I was wondering whether it is a good practice for someone to emphasize that he obtained his degree from a prestigious university by including the name of his university always after his title, something like:

Name, PhD (Caltech)

I have seen this in few occasions, but felt that it could be a bit offending to someone. Is this a discouraged behavior?

  • 4
    When is it even necessary to state your highest degree, except on your CV or department webpage? In very formal communication then Dr. or Professor should suffice. Anything more could easily (depending on context) come off as pretentious.
    – Moriarty
    Mar 20, 2014 at 8:11
  • 2
    Depends on your location. In Europe this style is rather unusual and may raise some eyebrows. However, many of my friends in the US state their title exactly like that, so I would assume that it is at least not offending or uncommon. That being said, I would assume the vast majority of people couldn't care less one way or the other :)
    – xLeitix
    Mar 20, 2014 at 8:37
  • @Moriarty In an email signature for example... So it all depends on the context I suppose.
    – hat
    Mar 20, 2014 at 10:07
  • 1
    Not really offensive to me, but it jump started my sympathetic engine and I want to know more about what kind of hardship this dude had to endure in order to get into Caltech. If I am going to meet someone who does this, I'll tread very carefully not to hurt his ego. Mar 21, 2014 at 12:36
  • I think this form is really only appropriate if you obtained a PhD from an Ivy League university. Dec 18, 2016 at 2:20

3 Answers 3


It could be taken to mean that your PhD from CalTech was a high point of your career and you want to make sure people know that. Depending on the context, that may be a bad or good thing. At a CalTech alumni meeting, it could be very good.

  • 2
    I would never have made this interpretation. Mar 20, 2014 at 9:01
  1. It would definitely look odd and like you are trying too much. It's really not appropriate to push it in correspondence. Leave that for your resume or CV.

  2. While it's mildly good to have gone to CIT (or the equivalent), realize there are weak performers within that group as well. What really matters is all your Science/Nature/PRL/JAMA/etc. publications. Oh...and puleeze don't list them in your signature!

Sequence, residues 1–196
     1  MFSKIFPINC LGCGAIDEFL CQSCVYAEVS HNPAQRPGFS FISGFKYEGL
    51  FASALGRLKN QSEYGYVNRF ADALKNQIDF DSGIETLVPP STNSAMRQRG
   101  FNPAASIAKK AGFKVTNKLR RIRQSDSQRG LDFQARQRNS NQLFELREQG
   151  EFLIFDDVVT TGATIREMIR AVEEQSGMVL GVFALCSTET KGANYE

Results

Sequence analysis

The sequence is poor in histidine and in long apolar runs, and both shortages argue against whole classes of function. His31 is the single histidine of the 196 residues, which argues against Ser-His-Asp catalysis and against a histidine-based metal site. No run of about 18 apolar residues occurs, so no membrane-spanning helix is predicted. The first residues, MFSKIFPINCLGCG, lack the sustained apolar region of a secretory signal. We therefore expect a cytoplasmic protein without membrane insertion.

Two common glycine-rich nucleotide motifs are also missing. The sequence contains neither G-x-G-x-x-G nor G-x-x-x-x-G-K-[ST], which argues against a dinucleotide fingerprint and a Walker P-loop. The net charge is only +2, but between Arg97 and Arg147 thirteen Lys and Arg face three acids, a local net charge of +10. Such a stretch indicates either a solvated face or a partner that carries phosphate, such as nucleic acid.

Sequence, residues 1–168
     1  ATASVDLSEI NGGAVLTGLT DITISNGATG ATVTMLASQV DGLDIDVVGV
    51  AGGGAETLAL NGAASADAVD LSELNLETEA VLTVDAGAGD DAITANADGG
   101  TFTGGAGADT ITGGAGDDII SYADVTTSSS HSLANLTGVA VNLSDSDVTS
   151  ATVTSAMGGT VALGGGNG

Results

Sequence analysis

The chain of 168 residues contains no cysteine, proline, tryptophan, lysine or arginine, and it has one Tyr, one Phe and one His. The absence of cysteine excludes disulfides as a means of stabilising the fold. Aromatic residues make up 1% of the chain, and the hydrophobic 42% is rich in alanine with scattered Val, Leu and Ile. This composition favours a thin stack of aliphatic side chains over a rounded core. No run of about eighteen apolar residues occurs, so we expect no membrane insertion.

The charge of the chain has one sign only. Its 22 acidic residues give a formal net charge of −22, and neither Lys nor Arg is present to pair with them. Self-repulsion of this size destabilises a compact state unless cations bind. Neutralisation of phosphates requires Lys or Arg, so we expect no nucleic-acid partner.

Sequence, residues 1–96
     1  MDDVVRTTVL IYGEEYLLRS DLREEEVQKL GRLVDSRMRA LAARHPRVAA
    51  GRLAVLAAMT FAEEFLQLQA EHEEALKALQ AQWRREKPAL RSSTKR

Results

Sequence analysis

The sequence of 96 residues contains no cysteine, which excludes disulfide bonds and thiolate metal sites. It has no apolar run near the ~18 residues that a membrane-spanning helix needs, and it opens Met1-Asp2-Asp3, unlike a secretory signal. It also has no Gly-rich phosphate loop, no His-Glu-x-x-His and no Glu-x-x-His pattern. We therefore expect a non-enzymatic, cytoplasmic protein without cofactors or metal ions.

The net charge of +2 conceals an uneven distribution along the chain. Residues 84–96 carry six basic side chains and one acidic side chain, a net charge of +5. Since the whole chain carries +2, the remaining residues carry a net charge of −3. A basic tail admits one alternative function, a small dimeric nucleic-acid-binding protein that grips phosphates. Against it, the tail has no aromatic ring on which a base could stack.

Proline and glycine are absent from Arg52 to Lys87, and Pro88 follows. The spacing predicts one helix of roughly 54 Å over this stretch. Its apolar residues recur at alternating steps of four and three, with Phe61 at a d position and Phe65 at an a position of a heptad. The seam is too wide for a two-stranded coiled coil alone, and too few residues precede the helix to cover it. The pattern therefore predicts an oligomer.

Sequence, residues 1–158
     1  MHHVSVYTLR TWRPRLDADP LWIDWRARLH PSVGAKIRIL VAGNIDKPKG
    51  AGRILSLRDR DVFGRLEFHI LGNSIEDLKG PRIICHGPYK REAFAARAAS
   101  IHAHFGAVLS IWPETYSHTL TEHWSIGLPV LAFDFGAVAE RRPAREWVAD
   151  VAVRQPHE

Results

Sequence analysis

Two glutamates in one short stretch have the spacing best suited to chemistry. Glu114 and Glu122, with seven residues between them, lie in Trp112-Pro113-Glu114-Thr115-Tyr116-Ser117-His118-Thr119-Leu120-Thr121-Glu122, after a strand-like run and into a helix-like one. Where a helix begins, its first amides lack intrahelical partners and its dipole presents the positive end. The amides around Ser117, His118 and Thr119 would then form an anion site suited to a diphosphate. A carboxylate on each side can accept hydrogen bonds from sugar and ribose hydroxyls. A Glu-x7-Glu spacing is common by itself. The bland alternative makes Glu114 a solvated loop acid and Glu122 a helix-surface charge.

Personally, I wouldn't even do the comma Ph.D. game. There is a correlation of those who are most proud of the Ph.D. (and showing it) being the weaker performers during the Ph.D. If you're a badass, you don't have to mention it. And it's no big deal to have gotten the "union card". (What matters more is how you did there.)

In most academic/science interactions, it will just be expected that you have a Ph.D. regardless (no big deal). In most other external interactions, it's irrelevant. Perhaps there are a few places (like selling consulting) where you might want to emphasize it. Yet even here I definitely get a "too proud of it, therefore probably weak (or even sketchy)" vibe when I see people who emphasize the title.


Within your field, it's probably more important to emphasise who your supervisor(s) were during your PhD. At least in the UK, the prestige of the university is less important at that level than the prestige of the other academics you worked with (and, of course, the quality of your research). In any case, it would be odd to see it in an email signature. I'd read it as (slightly desperate) bragging.

One related point is that people who have undergraduate degrees from Oxford or Cambridge may receive an MA rather than a BA under certain circumstances. These people might list their first degree as "MA (Oxon.)" or "MA (Cantab.)", listing the university to distinguish it from a "real" Masters degree (and possibly to do a little bragging of their own).

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